It seems absurd that a crime in which the guilty party received a sentence in excess of two centuries would receive no media coverage until after the conviction.
But that appears to be the case with 33-year-old Jana Bergman, who was given a 208-year jolt for abusing an at-risk adult, among other related crimes.
The victim in the case, identified by the First Judicial District DA's Office as Jack Woods, 88, survived Bergman's very bad behavior — so why will she be going to jail for such a long stretch?
The explanation has everything to do with sentencing enhancers of the sort district attorney Pete Weir used to put away convicted pimp Robert Gonzales for 112 years in January.
According to the DA's office, the story began in early 2014, when Bergman answered Woods' ad for a housekeeper even though she was residing in Denver County Jail at the time.
Her status as an inmate didn't scare off Wood. He corresponded with Bergman by phone call and letters — and after she claimed to love him, he posted her bond and moved her into his Arvada home, the DA's office notes.
Over the next ten months, Bergman was arrested on numerous additional occasions, and each time, Woods bailed her out.
He's said to have spent a cumulative $12,000 in bond fees buying her freedom, and even used his house as collateral to get her out of stir on one occasion.
His efforts on her behalf don't appear to have won her affection. The DA's office reveals that she'd leave for days at a time when she was angry — and on November 10 of last year, her actions got physical.
Prosecutors say Bergman responded to an argument with Woods by pushing and kicking him down a set of stairs — and when he grabbed onto a railing in an effort to protect himself, she pulled at his arms so vigorously that some of his skin was torn off.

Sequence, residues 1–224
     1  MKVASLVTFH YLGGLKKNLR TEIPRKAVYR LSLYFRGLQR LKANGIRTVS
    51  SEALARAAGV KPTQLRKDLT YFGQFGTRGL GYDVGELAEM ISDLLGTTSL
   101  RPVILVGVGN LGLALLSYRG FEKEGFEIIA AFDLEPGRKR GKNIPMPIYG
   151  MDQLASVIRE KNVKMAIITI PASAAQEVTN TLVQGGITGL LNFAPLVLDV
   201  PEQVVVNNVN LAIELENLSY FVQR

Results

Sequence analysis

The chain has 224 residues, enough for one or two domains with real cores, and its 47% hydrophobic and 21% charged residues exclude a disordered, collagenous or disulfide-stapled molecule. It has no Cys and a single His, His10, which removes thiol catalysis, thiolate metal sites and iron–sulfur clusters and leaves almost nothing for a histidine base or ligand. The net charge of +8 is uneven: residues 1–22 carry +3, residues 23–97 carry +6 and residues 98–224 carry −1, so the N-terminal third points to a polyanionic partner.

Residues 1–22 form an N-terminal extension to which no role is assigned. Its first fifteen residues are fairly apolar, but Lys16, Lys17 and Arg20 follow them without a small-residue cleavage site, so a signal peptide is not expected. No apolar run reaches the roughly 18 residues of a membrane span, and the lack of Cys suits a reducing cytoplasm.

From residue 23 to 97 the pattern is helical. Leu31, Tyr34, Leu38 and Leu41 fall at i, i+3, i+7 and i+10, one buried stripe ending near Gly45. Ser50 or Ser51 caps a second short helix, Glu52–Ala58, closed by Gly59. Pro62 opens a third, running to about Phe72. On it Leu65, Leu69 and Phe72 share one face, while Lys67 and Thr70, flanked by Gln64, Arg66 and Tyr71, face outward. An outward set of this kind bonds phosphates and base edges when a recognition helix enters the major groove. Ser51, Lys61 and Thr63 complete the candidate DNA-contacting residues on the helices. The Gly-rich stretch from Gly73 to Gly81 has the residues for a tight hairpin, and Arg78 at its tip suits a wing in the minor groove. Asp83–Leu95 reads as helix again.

Bergman continued the assault once he reached the bottom of the stairs, the DA's office notes, before holding Woods down with her knee, snatching his wallet and keys and driving away in his car — but not before cutting off her ankle monitor and leaving it on a table.
In October, a jury found Bergman guilty of attempted manslaughter, first-degree assault, second-degree assault, robbery of an at-risk adult, theft of an at-risk adult and menacing. But the 208 year sentence wouldn't have been possible without five violent crime counts that served as sentence enhancers and four previous felony convictions. (She also has five additional cases pending in the metro area.) She was eventually sentenced as a habitual criminal.
Even Weir admits that the amount of time Bergman was given is unusual.
“This is an extraordinary sentence, but the brutal assault in Mr. Woods is almost beyond belief,” Weir's statement reads. "Over time, Jana Bergman preyed on this fragile, vulnerable man to get what she wanted, and when she was finished with him, she threw him down the stairs to get rid of him. Mr. Woods wanted to believe the best about Bergman and continued to try to help her. The trusting nature of our seniors is just another example of why our Elder Abuse Unit is so important.”
Even so, a 208-year sentence can't help but draw attention, just as did Robert Gonzales's 112-year punishment for pimping a foster child. A juror in that case thought the sentence was excessive, particularly in comparison with other cases.
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The same month Gonzales got a century-plus, Richard Dolin was sentenced to 26 years for the brutal death of his baby daughter. And in August, Christopher Baker got fourteen years for sexually molesting his own three-year-old daughter and then strangling his best friend, reportedly after an argument over a pizza.
Here's a larger look at Bergman's booking photo.